From its earliest days, the University of Florida has employed an architectural style known as Collegiate Gothic for its buildings.
But the only thing gothic about the more than $100 million in new scientific buildings recently completed or under construction at UF is the red brick and white trim. Beyond their looks, these high-tech buildings bear little resemblance to the original campus buildings listed on the National Register of Historic Places.
With a combined price tag of nearly $100 million, the UF Brain Institute, the Physics Building and the Particle Science and Technology Building cost 200 times the combined cost of those 11 stately campus buildings constructed early this century.
And while many of those original buildings have been or are scheduled to be renovated, none can match the technological superiority of today's facilities.
The dedications in the last year of the Physics Building in April, the Particle Science and Technology Building in September and the Brain Institute in October highlight the greatest building boom in the university's history. They are a reflection of the university's stature in the national scientific community, and of the ways in which science and education are changing on the brink of the 21st century.
The buzzword of these new buildings is "synergy." As one of the nation's most comprehensive universities, UF has long relied on its ability to bring scientists from many fields together to form cutting-edge interdisciplinary teams.
But historically those teams have been scattered all over campus, limiting their ability to share ideas and resources. For example, the more than 250 faculty researchers affiliated with the UF Brain Institute (UFBI) were spread across 50 campus departments. Now, at least 75 of those researchers will work in the new building, all with easy access to colleagues in other parts of the Health Science Center and Shands Hospital via a "skybridge" from the institute. The UFBI's extensive research and education core facilities will be open to all UFBI faculty and their students, as well as their collaborators in academia, government and industry around the world.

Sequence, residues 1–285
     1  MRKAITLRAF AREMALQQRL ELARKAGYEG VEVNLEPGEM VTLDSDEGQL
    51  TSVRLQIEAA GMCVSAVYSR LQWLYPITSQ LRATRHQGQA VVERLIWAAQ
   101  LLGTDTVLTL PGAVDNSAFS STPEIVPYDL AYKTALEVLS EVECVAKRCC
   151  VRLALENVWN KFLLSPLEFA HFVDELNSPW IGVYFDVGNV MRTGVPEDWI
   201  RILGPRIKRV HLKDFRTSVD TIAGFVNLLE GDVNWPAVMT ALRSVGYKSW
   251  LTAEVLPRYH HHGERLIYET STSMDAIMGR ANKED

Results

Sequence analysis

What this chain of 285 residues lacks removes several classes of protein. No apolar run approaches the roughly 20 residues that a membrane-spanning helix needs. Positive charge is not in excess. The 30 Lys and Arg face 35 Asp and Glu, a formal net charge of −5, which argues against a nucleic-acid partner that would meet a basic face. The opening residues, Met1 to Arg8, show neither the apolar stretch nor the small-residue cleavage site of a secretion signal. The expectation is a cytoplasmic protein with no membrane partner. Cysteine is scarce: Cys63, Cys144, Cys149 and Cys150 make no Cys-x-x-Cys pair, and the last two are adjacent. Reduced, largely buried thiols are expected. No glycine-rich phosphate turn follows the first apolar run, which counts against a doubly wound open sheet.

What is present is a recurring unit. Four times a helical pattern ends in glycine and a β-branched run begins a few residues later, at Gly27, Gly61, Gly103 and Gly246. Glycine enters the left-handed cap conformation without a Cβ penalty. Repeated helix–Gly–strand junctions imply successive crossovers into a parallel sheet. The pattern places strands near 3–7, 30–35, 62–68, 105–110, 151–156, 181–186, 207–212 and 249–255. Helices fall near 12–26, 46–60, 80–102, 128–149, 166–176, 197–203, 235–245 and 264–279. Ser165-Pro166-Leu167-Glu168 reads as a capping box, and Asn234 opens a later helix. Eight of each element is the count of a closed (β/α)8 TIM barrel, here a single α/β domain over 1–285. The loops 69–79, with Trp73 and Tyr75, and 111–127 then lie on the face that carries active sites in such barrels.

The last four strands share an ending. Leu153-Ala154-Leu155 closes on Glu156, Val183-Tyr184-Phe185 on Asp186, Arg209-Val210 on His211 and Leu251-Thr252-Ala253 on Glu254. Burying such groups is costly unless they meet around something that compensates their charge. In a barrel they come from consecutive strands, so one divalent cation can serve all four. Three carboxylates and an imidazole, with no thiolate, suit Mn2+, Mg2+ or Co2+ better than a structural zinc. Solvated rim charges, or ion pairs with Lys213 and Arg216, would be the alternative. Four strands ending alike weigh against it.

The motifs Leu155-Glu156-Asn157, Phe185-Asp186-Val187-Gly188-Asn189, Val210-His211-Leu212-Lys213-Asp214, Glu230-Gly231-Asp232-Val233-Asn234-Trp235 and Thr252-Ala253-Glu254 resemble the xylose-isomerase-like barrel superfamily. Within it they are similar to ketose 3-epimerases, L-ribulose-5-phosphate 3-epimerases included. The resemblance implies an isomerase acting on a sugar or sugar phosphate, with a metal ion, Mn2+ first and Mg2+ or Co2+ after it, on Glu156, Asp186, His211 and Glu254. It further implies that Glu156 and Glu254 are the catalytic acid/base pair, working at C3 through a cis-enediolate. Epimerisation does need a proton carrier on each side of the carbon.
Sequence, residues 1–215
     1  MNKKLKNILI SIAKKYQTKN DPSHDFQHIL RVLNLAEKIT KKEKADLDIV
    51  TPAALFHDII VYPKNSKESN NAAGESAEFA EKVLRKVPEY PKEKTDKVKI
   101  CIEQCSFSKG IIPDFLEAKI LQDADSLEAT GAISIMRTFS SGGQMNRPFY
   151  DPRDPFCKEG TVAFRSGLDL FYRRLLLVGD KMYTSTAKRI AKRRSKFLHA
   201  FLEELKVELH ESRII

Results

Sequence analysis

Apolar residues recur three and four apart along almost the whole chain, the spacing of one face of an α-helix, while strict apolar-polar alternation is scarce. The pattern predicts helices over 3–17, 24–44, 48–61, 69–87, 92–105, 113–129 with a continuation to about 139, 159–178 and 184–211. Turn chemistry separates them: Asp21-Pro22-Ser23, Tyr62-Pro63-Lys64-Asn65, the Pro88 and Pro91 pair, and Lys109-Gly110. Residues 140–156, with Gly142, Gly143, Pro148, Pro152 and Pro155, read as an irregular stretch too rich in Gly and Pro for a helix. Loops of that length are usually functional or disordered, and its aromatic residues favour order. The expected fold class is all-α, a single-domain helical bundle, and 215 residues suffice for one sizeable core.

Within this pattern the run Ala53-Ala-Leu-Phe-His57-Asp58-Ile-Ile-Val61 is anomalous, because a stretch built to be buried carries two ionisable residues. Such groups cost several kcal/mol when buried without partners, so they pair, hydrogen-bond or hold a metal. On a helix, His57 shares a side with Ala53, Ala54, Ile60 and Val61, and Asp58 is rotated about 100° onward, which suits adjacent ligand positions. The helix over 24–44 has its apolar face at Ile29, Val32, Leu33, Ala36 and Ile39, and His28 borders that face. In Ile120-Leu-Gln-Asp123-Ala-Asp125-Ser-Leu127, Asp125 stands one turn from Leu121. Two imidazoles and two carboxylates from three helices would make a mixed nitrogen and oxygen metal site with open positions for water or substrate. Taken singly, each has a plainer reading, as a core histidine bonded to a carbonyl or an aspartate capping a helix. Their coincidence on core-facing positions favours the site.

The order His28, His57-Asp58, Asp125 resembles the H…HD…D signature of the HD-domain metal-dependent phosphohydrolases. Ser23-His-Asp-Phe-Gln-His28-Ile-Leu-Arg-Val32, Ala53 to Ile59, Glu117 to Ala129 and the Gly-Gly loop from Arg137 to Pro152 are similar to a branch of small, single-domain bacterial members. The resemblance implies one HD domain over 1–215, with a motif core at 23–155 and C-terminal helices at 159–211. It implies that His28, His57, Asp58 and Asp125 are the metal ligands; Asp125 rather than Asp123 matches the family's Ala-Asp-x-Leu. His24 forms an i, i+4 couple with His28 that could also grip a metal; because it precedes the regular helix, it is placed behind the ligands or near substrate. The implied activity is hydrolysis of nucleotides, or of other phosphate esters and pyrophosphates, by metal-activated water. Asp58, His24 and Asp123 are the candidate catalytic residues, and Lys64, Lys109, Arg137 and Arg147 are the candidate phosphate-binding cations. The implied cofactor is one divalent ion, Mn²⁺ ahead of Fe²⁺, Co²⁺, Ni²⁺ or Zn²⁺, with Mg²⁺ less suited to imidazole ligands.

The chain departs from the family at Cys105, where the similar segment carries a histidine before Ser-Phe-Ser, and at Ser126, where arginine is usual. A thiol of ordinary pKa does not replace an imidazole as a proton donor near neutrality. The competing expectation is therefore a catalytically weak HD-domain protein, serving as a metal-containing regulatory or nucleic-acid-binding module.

"The most important promise of the UF Brain Institute is our commitment to promoting a spirit of campuswide collaboration and, in doing so, to harness the true power of a comprehensive research university," says Brain Institute Director William Luttge.
Before the new Physics Building opened, the physics department occupied parts of four campus buildings, with scholarly journals and expensive laboratory equipment lining the hallways of each.
Now, faculty, graduate students and undergraduates have 215,000 state-of-the-art square feet in which to learn and do research.
"It was our dream to design a facility that not only provides adequate space for teaching and research but maximizes resources to launch the department into the forefront of tomorrow's science," says physics Chair Neil Sullivan.
So it was also for faculty in the Engineering Research Center for Particle Science and Technology. There, in particular, researchers were limited in their ability to conduct scaled-up tests of theories they had constructed in their laboratories.
The Bleeding Edge
As Dr. Albert Rhoton, chair of UF's Department of Neurosurgery, welcomed guests into the Brain Institute's Surgical Research and Training Laboratory (SRTL) prior during dedication ceremonies last October, the reality of the facility became apparent to everyone.
Tastefully draped at workstations throughout the room were human heads in various stages of dissection. Views into the deepest regions of the brain were magnified and broadcast onto high-resolution monitors above each work station.